Tag Archives: class of 2013

The Future is Looking Ful-Bright!

By Hayley Cox

fulbrightThe Fulbright Scholar Program, proposed to the U.S. Congress in 1945 by Senator J. William Fulbright, is a U.S. government program in international educational exchange. Senator Fulbright proposed the program as a means of promoting “mutual understanding between the people of the United States and the people of other countries of the world.”

Since its beginning, the Fulbright Program has provided almost 310,000 participants the opportunity to study, teach, research, and exchange ideas in finding solutions to shared international concerns. The program is administered by the Bureau of Educational and Cultural Affairs of the United States Department of State and is primarily funded by an annual appropriation made by the United States Congress.

Typical “Fulbrighters” must represent the diversity of their home countries, according to the Bureau of Educational and Cultural Affairs website eca.state.gov/Fulbright. There are no set criteria for a “Fulbrighter,” as they have included students from a large range of cities, universities, fields of study, and personal backgrounds. “All Fulbrighters share a strong academic background, leadership potential, a passion for increasing mutual understanding among nations and cultures, and the adaptability and flexibility to pursue their proposed Fulbright project successfully.”

Four Texas A&M University students have been recognized by the Fulbright Scholar Program for 2013:

Undergraduate applicant, Audrey (Caroline) Barrow, was named as an English Teaching Assistantship Fulbright winner and will be moving to Kazakhstan in August.

Graduate applicant, Alicia Krzton, was named as an Anthropology Research Fulbright winner and will be moving to China in August.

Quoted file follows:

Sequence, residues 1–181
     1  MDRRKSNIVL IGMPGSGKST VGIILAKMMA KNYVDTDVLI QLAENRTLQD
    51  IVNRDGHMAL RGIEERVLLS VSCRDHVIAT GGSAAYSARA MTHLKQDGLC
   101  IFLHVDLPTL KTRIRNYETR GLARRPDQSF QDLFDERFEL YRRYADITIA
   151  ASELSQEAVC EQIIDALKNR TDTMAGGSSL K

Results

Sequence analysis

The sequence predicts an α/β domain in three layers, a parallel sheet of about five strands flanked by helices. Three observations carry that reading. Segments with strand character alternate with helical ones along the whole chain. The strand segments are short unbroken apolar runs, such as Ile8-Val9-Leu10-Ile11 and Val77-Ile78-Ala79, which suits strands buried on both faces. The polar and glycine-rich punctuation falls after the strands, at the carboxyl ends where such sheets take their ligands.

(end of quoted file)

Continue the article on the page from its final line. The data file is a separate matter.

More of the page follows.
Graduate applicant, Amber Hall, and undergraduate applicant, Maria Lopez-Salazar, were named as English Teaching Assistantship Fulbright Alternates.

Caroline Barrow - Fulbright Scholar - Kazakhkstan
Caroline Barrow – Fulbright Scholar – Kazakhkstan
Fulbright winner Caroline Barrow graduated in May with degrees in International Studies and Russian. She will move to Kazakhstan in August and be placed in a school in Kostanay where she will teach English.

Barrow applied for the Fulbright Scholars Program in September of 2012. The application process has many stages including an on campus interview and application review by Texas A&M, the Fulbright Scholars board in the U.S., and a Fulbright board in the applicant’s specific country of interest. Barrow was notified in May that she had been selected!

Barrow said she wanted to go to a Russian-speaking country. She said, “I’ve been able to see a few countries in Eastern Europe. Kazakhstan interested me because it’s a very different part of the Former Soviet Union. It is quite a mix of cultures.” The Fulbright winner said she is very excited to represent Texas A&M abroad!

Alicia Krzton - Fulbright Scholar - China
Alicia Krzton – Fulbright Scholar – China
Fulbright winner Alicia Krzton is a Ph.D. candidate in the Department of Anthropology, completing her fifth year in graduate school at Texas A&M. She has done research on a species of Chinese golden snub-nosed monkeys called Rhinopithecus roxellana since 2010.